TINAJERO v. STATE

No. 34780.

362 S.W.2d 860 (1962)

Salvador Morales TINAJERO, Appellant, v. The STATE of Texas, Appellee.

Court of Criminal Appeals of Texas.

Rehearing Denied December 5, 1962.


Attorney(s) appearing for the Case

L. G. Mathews, Brownsville, for appellant.

Leon B. Douglas, State's Atty., Austin, for the State.


PER CURIAM.

The offense is failure to stop and render aid; the punishment, 2 years and 6 months in the penitentiary.

The record on appeal contains no statement of facts or bills of exception. All proceedings appear to be regular and nothing is presented for review. The judgment is affirmed.

ON APPELLANT'S MOTION FOR REHEARING

DICE, Commissioner.

Since the per curiam opinion was delivered on October 17, 1962, affirming the judgment of conviction against appellant, a statement of facts of the evidence adduced upon the trial has been transmitted to and filed with the clerk of this court.

The statement of facts is shown to have been agreed to by counsel for both parties, approved by the trial judge, and filed with the clerk of the trial court on October 12, 1961, long before the case reached this court on appeal. The statement of facts will now be considered.

The evidence adduced by the state shows that on the night of December 4, 1960, the deceased, a young Anglo-American man, was observed by Dr. Henry G. Stephenson around 10:15 o'clock, p. m., lying on a sidewalk in a Sears & Roebuck parking lot located at the northwest corner of the intersection of "H" and West Tyler Streets in the City of Harlingen. Dr. Stephenson, who at the time was traveling west on Tyler Street, got out of his automobile, went to where the deceased was lying, and observed that the deceased's head was "mushy" from some severe blow and that he was having difficulty with his breathing. The doctor then accompanied the deceased to the hospital in an ambulance and remained with him until he expired the following morning at 7:40 o'clock.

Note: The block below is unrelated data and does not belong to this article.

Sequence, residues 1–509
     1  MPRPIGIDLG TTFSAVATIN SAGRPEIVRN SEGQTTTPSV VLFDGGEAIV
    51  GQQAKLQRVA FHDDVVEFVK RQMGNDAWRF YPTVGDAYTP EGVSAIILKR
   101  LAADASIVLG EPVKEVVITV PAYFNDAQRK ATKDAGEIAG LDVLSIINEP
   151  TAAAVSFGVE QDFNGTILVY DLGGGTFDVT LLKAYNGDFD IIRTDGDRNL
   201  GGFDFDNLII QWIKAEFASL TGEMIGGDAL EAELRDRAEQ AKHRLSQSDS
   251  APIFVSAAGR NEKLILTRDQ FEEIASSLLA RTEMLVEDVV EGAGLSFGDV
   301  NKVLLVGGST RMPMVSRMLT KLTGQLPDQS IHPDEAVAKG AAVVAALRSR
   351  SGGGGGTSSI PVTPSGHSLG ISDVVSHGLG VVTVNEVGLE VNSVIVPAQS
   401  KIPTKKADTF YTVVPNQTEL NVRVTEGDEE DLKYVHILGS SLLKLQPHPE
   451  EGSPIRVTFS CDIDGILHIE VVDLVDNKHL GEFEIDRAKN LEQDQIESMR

An autopsy performed upon the deceased's body by Dr. David Flory, a pathologist, revealed numerous lacerations of the scalp, abrasions on the face, the right and left wrists, the left knee, and lower part of the spine, a broken collar bone, a fractured pelvis, some vascular skull fractures, and a large amount of internal hemorrhage of blood about the brain, heart, lungs, kidneys, and abdomen. Dr. Flory expressed the opinion that the death of the deceased was caused by multiple traumatic injuries probably resulting from considerable force such as might be applied if the patient had been struck by a motor vehicle. His conclusion was corroborated by Dr. Stephenson, who expressed the opinion that the deceased died from hemorrhaging from fractures mainly in the lower portion of the body.

It was shown that when the deceased was found he was lying approximately ten feet from the curb on Tyler Street, fifty-one feet from the northwest corner of the intersection, and was in his sock feet. Two boots, which matched, were found at the scene, one being on the parking lot a hundred feet from the deceased and the other a lesser distance out in "H" Street. A pair of glasses was also found some seventy-five feet from the deceased. A tire track was also observed which came up on the curb at the northwest corner of the intersection where the curb was painted with yellow paint. Several pieces of glass from a seal beam headlight of an automobile were found in "H" Street, nine feet from the curb, at the intersection.

On Monday, December 5, 1960, appellant took his 1953 Ford station wagon to a repair shop in Harlingen and had the right front fender repaired where it had been dented and also had a seal beam put in the right front headlight, which was broken. In making the repairs, at appellant's suggestion the broken chrome rim around the seal beam on the right headlight was replaced by one taken off the left light.